“Hate is something the brony fandom cannot escape from as not everybody is going to be on board with the whole men liking MLP thing. It is out of the social norm and I hated it too before I watched it,” Matthew said.

Bronies’ greatest enemy is the outside world itself. Bronies everywhere are met with constant hate and abuse for liking the show. This has even caused some bronies to “leave the herd.”

“I thought the show was charming and well-written, and I really enjoyed it,” Ex-Brony Harry K. said. “I disliked the connotation associated with being a part of the fandom, especially after it got really crazy and out of control. In other words, the fans got pretty invasive when it came to spreading pony stuff anywhere and everywhere.”

“Fans of any subculture like to spread their stuff and express their love for a series.  While I personally didn’t think there was anything wrong with watching a show that was probably originally designed for children, other people definitely did.  Eventually these people grew tired of seeing that content everywhere,” Harry K. said.

Although there is much hatred for the brony-verse, and that some of it is understandable, most anti-bronies often defy common decency. “They call us gay, pedophile, beastophile — basically any hurtful thing you can think of, they’ve said it,” Honadel said. “It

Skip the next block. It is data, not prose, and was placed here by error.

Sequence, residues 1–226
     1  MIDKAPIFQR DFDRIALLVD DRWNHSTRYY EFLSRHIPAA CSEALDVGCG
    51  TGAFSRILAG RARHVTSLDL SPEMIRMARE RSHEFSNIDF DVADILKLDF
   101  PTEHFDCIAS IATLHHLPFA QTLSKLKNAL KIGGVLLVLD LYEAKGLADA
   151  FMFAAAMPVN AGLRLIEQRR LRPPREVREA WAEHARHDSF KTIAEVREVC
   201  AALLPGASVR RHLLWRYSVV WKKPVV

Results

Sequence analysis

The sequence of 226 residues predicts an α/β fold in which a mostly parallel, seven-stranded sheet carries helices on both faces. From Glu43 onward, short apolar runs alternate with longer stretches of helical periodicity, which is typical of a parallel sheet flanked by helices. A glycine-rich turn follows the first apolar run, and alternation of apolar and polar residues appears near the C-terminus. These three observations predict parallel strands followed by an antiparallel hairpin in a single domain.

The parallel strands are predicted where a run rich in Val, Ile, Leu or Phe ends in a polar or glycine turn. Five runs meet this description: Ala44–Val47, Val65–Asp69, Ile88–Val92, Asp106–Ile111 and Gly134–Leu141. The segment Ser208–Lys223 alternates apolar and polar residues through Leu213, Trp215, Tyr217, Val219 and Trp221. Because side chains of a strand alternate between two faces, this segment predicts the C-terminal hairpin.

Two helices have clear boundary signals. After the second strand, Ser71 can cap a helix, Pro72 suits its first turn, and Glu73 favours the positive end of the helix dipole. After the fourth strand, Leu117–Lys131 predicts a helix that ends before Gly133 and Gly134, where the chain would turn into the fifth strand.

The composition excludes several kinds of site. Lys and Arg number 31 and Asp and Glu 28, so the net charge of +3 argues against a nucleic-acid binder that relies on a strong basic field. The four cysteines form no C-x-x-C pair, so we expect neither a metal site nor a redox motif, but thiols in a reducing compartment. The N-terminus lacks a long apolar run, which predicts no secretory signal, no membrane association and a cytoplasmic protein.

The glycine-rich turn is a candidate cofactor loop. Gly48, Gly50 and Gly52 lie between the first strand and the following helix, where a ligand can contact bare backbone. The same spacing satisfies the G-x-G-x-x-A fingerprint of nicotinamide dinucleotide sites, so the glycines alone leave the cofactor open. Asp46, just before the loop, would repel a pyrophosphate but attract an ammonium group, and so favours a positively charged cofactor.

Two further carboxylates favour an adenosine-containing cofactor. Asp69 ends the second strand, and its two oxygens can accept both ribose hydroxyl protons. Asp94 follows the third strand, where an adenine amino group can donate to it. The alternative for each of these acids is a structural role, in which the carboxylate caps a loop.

just gets old. They hate us just because they think we are easy prey.”

Bronies have since moved from the cesspools of 4chan.com to their own pony-related sites. The most popular of which is called EquestriaDaily.com and is filled with pony-related news, fan art and stories.

“Equestria Daily is a great place for [bronies] to just be themselves and not have to worry about constant hate.”

Brony-dom has in ways, moved past the internet and into modern life. Every year, a convention known as BronyCon is hosted in Baltimore, Maryland. Its latest event in August 2014 drew in more than 9,600 attendees.

“It’s a place where we can be ourselves,” said Matthew. “There’s so much to do there, it makes me really proud just being a brony.”

The festivities last for a weekend and are complete with singing, dancing, art exhibits, guest panels and even sneak-peeks.

“I can’t stress it enough — it is the coolest thing about being a brony — so much love and acceptance there. I just can’t believe it,” Matthew said.

Kansas has its own BronyCon known as Midwest BronyFest.

“I’ve never been to an actual BronyCon before, but Midwest bronyfest was amazing. It’s just like a mini bronycon, but that was OK for me because I’m not that comfortable around lots of people,” Honadel said.

“MLP” — or more specifically bronies — are “flipping the social norm on its snout, and are leading a new age of ‘love and tolerance, Matthew said.’

“The thing with ‘My Little Pony’ is that it does have the skin of a kid’s show, but if you take that next step and accept, look past or just plain embrace it, you may be surprised by what you find,” Klehn said.